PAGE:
charles c. smith is a published poet, playwright and essayist who has written and edited twelve books. He won second prize for his play Last Days for the Desperate from Black Theatre Canada, has edited three collections of poetry, has four published books of poetry – including Partial Lives- Williams Wallace Press, and travelogue of the bereaved, Mawanzi House (formerly TSAR Publications) – and his poetry has appeared in numerous journals and magazines, including Poetry Canada Review, the Quille and Quire, Descant, Dandelion, the Amethyst Review, Bywords, Canadian Ethnic Studies and others. he has received grants from the Ontario Arts Council and the Toronto Arts Council for both his poetry and for his work with the ‘wind in the leaves collective’ where he is artistic director of a multidisciplinary performance group involving dance, image, recorded and live music based on his poetry.
charles has published articles with Stanford Law and Policy, University of Toronto Press, Alberta Law Review, Captus Press and his writings on racial profiling and Black lives in Canada have been published by the Canadian Centre for Policy Alternatives. His research has been commissioned by several institutions including the African Canadian Community Coalition on Racial Profiling, the Court Challenges Program of Canada, the Chief Justice of Ontario (former) Task Force on Professional Responsibility, the Ontario Ministries of the Attorney General and Community Safety ‘Community Task Force on Hate Crimes’, the Canadian Centre for Policy Alternatives, and the Canada Council for the Arts.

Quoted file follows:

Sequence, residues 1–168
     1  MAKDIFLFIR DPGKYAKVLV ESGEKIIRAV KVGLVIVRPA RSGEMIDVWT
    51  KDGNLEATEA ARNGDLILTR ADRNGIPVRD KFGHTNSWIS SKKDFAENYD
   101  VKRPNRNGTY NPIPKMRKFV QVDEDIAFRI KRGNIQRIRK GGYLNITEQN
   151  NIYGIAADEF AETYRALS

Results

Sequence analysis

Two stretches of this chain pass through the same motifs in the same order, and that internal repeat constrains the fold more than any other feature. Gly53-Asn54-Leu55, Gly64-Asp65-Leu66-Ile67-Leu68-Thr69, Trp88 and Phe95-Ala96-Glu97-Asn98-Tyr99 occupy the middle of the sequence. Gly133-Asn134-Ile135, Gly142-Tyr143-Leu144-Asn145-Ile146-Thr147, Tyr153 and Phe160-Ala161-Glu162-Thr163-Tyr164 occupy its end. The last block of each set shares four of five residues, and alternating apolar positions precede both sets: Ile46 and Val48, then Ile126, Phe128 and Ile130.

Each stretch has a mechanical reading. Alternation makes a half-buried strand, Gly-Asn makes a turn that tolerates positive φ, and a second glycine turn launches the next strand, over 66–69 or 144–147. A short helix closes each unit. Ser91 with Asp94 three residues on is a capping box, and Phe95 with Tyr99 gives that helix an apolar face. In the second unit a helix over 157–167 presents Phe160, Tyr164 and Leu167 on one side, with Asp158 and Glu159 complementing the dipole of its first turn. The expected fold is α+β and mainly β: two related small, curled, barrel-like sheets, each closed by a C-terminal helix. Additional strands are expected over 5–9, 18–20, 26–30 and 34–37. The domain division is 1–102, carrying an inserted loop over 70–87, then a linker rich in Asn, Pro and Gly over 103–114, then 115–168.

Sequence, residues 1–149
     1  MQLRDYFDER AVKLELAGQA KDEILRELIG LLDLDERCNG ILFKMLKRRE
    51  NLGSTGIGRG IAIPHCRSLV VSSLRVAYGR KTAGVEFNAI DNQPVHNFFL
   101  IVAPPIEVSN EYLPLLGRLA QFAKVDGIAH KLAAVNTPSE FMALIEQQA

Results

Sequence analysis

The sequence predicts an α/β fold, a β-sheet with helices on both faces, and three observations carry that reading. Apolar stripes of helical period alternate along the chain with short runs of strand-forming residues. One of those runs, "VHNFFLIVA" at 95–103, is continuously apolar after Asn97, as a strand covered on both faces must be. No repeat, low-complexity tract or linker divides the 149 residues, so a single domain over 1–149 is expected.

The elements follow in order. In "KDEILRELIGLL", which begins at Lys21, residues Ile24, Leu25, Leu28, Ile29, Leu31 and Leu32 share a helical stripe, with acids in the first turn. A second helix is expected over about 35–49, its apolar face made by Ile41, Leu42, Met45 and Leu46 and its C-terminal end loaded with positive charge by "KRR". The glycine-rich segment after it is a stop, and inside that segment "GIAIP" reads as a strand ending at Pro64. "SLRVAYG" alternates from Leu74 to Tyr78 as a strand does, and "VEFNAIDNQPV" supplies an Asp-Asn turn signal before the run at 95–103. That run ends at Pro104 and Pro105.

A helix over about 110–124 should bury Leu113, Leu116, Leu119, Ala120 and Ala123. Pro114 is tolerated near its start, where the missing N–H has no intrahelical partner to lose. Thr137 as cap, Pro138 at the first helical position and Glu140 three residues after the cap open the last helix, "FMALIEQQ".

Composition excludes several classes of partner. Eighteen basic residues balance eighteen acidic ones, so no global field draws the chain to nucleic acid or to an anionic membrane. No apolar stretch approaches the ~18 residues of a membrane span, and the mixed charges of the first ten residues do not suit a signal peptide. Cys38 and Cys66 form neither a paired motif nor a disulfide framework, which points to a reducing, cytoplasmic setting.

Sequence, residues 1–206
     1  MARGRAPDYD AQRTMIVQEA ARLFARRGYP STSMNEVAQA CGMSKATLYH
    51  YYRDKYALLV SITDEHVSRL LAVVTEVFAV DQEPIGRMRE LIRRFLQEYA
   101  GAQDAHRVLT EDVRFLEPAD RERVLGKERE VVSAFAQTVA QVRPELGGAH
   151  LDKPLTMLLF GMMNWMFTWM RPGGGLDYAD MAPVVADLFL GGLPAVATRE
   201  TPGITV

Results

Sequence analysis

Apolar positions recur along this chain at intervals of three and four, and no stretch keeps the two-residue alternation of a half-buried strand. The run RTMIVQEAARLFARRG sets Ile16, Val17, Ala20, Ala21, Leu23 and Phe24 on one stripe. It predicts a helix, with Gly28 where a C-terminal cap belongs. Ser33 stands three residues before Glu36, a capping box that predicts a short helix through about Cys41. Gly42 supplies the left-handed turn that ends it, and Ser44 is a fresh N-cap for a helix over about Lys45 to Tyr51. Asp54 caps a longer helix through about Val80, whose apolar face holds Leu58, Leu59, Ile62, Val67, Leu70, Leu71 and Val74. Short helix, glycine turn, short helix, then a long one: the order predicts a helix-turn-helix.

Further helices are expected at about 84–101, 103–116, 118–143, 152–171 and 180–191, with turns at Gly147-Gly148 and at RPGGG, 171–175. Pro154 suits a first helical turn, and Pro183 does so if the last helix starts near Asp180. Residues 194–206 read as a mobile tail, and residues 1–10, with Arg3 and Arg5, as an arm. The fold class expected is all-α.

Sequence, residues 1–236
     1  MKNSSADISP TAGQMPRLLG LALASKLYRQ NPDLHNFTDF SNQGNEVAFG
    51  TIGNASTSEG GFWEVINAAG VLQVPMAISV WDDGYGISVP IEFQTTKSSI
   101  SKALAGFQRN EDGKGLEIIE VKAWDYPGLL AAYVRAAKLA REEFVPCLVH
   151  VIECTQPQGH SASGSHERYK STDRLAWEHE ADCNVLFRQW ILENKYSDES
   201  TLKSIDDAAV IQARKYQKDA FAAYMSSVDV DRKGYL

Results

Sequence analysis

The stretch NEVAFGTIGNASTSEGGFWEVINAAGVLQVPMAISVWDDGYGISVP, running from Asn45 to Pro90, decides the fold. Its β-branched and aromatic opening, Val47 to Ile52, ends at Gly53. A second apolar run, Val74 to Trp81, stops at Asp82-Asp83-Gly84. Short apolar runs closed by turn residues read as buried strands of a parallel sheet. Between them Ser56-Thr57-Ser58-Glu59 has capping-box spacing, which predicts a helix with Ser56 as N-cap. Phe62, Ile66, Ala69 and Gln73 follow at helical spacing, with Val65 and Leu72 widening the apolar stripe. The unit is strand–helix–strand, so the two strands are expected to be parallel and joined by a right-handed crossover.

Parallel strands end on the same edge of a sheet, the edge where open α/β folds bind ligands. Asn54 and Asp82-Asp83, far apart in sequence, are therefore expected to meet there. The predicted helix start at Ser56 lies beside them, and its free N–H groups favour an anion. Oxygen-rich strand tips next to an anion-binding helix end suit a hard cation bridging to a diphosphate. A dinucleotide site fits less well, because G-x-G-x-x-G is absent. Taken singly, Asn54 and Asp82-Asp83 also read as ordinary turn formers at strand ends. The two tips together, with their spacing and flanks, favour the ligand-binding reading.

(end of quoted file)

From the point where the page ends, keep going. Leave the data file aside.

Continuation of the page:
He has presented papers at the Ottawa Faculty of Law, the Ministry of Multiculturalism Canada, the Alberta Law Society (100th Anniversary), Queen’s University and has been keynote at the Black Law Students Association, McGill and Concordia University ‘Ethno-Racial Art History’ and White Water Gallery Big Dream Conference.
charles is the Cultural Liaison in the Dean’s Office at the University of Toronto Scarborough where he lectures in the English Department/Creative Writing. he is the Executive Director for Cultural Pluralism in the Arts Movement Ontario and a Research Associate with the Canadian Centre for Policy Alternatives where he has published four books (two edited) ranging in subjects from racial profiling to anti-racism in education and pluralism in the arts. his most recent book with the Centre is titled “The Dirty War: The Making of the Myth of Black Dangerousness”.
Bucharest-born Diana Manole immigrated in 2000 and is now identifying herself as a proudly hyphenated Romanian-Canadian scholar, writer, and literary translator. She holds a PhD from the University of Toronto and has been teaching at Canadian universities since 2006. She has published 13 peer-reviewed articles and book chapters in Canada, the US, and the UK, on postcolonial and postcommunist theatre, exilic theatre, and intercultural performance. Most recently, she co-edited the first collection of essays in English about postcommunist theatre, Staging Postcommunism: Alternative Theatre in Eastern and Central Europe after 1989 (University of Iowa Press, 2020).